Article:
He knew that, as a gay man, he wasn’t safe in other African countries. That said, Ivory Coast was (is) considered a progressive country in Western Africa. But the country’s penal code calls homosexuality an immoral act. Hence, if gay people are found having sex, they are thrown in jail. That’s what happened to two guys, he points out. They were sentenced to eighteen months in jail for having sex. The penal code doesn’t clearly define homosexuality as a crime, but if caught having sex with another person of the same sex, an individual is taken to court where the judge rules based on his or her personal beliefs. “It’s a very subjective decision,” Idibouo emphasizes.

Meanwhile, he received a scholarship to participate in the 2006 International AIDS Conference in Toronto, Canada. He had never traveled to North America before and had no idea what to expect. Yet, there he was, in Toronto, attending the conference. A man recognized him from one of the videos playing on screens, on the walls, and the two started chatting. At one point, the man asked if he wanted to stay in Canada.

“I just freaked out when he asked me that question,” Idibouo recalls. “[I told him] I didn’t know anybody [in Canada], and he said ‘but you know me now.’” (Over the years, the two became best of buddies.) They decided to pick up the conversation the following day.

After a sleepless night, he realized that he wanted, after all, to stay in Canada. His new friend put him in touch with a lawyer who, in turn, helped him apply for his refugee status.

While the immigration process in Canada is different from that in the U.S., going through the immigration process, as a legal immigrant or as a refugee, is often an endless, frustrating, depressing, anxiety-causing experience. It involves filling out mountains of paperwork, fingerprinting, waiting for hours to talk to officials, schedule interviews and going through interviews—and that if people are lucky enough to actually get an interview. But for those going through this process it’s all worth it. Coming from a poor country to a country that, until then, one could only dream of, can be an overwhelming, as well as mind-boggling, experience.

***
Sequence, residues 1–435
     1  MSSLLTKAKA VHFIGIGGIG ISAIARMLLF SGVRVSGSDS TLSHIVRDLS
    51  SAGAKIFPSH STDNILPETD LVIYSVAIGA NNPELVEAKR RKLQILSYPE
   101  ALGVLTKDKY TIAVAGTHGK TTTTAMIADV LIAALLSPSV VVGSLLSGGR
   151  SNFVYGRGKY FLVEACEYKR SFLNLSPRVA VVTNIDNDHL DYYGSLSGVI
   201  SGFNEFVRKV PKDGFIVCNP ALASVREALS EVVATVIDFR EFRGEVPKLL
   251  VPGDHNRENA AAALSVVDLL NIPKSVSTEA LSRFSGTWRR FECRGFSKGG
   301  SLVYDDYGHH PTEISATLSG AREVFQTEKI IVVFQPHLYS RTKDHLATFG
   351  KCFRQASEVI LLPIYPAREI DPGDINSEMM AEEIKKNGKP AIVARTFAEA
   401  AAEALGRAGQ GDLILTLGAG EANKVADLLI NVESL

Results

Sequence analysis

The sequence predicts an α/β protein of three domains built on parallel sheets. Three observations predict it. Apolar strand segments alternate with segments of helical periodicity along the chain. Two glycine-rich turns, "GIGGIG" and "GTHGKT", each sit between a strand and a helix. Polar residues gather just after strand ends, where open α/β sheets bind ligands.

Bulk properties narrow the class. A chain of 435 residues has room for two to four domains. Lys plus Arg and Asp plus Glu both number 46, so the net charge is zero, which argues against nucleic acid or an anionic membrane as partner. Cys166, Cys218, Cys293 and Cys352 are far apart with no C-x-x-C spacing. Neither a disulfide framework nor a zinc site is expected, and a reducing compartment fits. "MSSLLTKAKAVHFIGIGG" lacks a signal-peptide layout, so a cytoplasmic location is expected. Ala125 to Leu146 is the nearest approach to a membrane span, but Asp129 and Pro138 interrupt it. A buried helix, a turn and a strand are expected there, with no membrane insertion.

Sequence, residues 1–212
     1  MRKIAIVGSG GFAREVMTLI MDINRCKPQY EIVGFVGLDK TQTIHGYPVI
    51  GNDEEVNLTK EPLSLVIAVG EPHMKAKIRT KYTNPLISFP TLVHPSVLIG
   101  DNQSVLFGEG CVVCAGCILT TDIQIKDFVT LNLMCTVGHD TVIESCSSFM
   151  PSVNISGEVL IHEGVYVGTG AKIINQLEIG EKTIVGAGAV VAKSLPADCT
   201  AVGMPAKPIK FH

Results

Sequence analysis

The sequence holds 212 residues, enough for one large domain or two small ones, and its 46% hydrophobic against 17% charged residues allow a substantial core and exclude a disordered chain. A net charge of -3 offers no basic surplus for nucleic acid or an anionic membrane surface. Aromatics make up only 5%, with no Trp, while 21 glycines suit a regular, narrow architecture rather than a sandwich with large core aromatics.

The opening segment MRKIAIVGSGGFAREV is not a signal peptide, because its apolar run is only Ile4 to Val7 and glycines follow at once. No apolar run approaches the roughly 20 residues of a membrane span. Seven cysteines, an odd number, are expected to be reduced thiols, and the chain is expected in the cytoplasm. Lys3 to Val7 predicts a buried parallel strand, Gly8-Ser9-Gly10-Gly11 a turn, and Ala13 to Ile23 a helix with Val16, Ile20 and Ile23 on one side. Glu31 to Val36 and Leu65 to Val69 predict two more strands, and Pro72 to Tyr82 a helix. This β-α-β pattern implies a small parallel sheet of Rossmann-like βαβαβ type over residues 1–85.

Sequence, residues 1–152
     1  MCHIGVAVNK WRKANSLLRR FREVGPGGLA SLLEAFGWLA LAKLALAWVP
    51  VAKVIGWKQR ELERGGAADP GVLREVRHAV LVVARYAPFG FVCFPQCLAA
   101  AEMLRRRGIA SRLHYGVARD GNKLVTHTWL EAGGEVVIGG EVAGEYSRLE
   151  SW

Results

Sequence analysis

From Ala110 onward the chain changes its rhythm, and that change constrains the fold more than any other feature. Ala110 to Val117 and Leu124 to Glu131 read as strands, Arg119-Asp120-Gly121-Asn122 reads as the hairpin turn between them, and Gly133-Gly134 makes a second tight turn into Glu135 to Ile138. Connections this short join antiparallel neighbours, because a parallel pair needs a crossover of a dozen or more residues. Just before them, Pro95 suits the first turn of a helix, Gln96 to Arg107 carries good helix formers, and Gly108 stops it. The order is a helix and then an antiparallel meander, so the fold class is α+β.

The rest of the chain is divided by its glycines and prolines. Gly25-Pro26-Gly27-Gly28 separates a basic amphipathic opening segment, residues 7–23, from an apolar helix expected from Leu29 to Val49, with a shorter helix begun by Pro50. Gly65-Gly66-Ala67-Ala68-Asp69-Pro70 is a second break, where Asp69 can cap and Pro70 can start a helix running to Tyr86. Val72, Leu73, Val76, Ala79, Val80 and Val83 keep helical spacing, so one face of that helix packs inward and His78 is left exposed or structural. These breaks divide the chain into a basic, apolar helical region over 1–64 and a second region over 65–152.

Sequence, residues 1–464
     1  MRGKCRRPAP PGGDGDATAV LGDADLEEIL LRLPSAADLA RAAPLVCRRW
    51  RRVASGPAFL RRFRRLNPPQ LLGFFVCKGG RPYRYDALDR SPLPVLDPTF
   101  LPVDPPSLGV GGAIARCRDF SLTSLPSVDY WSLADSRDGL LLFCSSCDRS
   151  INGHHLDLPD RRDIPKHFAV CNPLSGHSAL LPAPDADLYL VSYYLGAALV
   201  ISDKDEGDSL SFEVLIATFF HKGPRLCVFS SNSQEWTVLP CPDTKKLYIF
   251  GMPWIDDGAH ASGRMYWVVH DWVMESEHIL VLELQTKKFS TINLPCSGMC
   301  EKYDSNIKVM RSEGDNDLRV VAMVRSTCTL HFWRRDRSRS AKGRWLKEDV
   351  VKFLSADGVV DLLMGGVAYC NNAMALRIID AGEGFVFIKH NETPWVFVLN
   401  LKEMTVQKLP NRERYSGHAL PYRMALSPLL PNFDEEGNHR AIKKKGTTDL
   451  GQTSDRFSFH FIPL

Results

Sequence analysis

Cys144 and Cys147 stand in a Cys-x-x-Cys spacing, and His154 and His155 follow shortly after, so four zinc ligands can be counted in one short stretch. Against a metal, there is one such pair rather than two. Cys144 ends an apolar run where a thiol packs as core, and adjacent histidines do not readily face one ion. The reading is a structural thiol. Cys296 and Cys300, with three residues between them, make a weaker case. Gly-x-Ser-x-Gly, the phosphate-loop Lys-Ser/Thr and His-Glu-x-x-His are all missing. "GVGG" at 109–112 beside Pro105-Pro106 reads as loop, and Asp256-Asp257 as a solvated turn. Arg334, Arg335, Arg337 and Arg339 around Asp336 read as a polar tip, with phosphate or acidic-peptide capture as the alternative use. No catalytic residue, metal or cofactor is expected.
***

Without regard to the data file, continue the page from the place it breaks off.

“It’s not something that you plan,” he comments. “I don’t think anybody plans on going through this kind of experience. I came to Canada not having a clue what was going to happen to me in terms of claiming a legal status. I found that out when I was already in Canada. And I had to go through the process, because I had made the decision to stay.” This is not something that one can change their mind about halfway into the journey, he further explains, because by then the return ticket is not valid anymore and people don’t have money to buy another ticket. So, they have to stay and go through the entire process.

Thing is, while waiting to receive any news from the immigration office, people find themselves living for years in an ongoing state of uncertainty, unsure of what is to happen to them. Yes, upon applying for legal status they receive a work permit and social security number to go with that work permit, but that only allows them to work, to find a job and earn a living. Pay taxes, too. But they still lack that piece of paper that proves that they’re legal refugees or permanent residents.

It usually takes years to get through it, from applying for legal status to becoming a citizen. (It took Idibouo two years and three months to receive his refugee status. Only then, he could apply for permanent residency. Three years after becoming a permanent resident, he could apply for citizenship.) Years of living in this state of uncertainty can lead to depression and anxiety.

“I want to set up a platform where people will be able to self-identify themselves, without worries,” Carlos Idibouo explains. The House of Culture for Human Diversity will celebrate the diversity of human beings and human rights, be those women’s rights or LGBTQ rights. The new nonprofit will focus on HIV awareness and education, in particular on eliminating stigma and using culture and art to address stigma and related issues.